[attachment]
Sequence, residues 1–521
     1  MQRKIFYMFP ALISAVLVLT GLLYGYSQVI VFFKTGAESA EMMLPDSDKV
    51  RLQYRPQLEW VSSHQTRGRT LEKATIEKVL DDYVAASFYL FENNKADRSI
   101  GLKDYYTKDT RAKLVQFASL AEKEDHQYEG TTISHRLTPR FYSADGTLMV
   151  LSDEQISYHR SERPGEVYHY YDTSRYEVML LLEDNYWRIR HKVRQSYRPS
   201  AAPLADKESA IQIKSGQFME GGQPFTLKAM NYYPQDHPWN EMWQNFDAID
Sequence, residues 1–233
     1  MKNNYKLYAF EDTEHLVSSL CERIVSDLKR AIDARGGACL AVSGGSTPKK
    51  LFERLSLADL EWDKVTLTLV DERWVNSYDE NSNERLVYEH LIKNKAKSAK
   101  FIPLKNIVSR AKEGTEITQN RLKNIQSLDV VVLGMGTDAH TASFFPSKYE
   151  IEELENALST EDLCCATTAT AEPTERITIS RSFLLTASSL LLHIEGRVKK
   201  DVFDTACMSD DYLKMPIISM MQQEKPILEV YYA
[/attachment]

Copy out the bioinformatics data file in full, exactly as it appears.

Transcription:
Sequence, residues 1–521
     1  MQRKIFYMFP ALISAVLVLT GLLYGYSQVI VFFKTGAESA EMMLPDSDKV
    51  RLQYRPQLEW VSSHQTRGRT LEKATIEKVL DDYVAASFYL FENNKADRSI
   101  GLKDYYTKDT RAKLVQFASL AEKEDHQYEG TTISHRLTPR FYSADGTLMV
   151  LSDEQISYHR SERPGEVYHY YDTSRYEVML LLEDNYWRIR HKVRQSYRPS
   201  AAPLADKESA IQIKSGQFME GGQPFTLKAM NYYPQDHPWN EMWQNFDAID
Sequence, residues 1–233
     1  MKNNYKLYAF EDTEHLVSSL CERIVSDLKR AIDARGGACL AVSGGSTPKK
    51  LFERLSLADL EWDKVTLTLV DERWVNSYDE NSNERLVYEH LIKNKAKSAK
   101  FIPLKNIVSR AKEGTEITQN RLKNIQSLDV VVLGMGTDAH TASFFPSKYE
   151  IEELENALST EDLCCATTAT AEPTERITIS RSFLLTASSL LLHIEGRVKK
   201  DVFDTACMSD DYLKMPIISM MQQEKPILEV YYA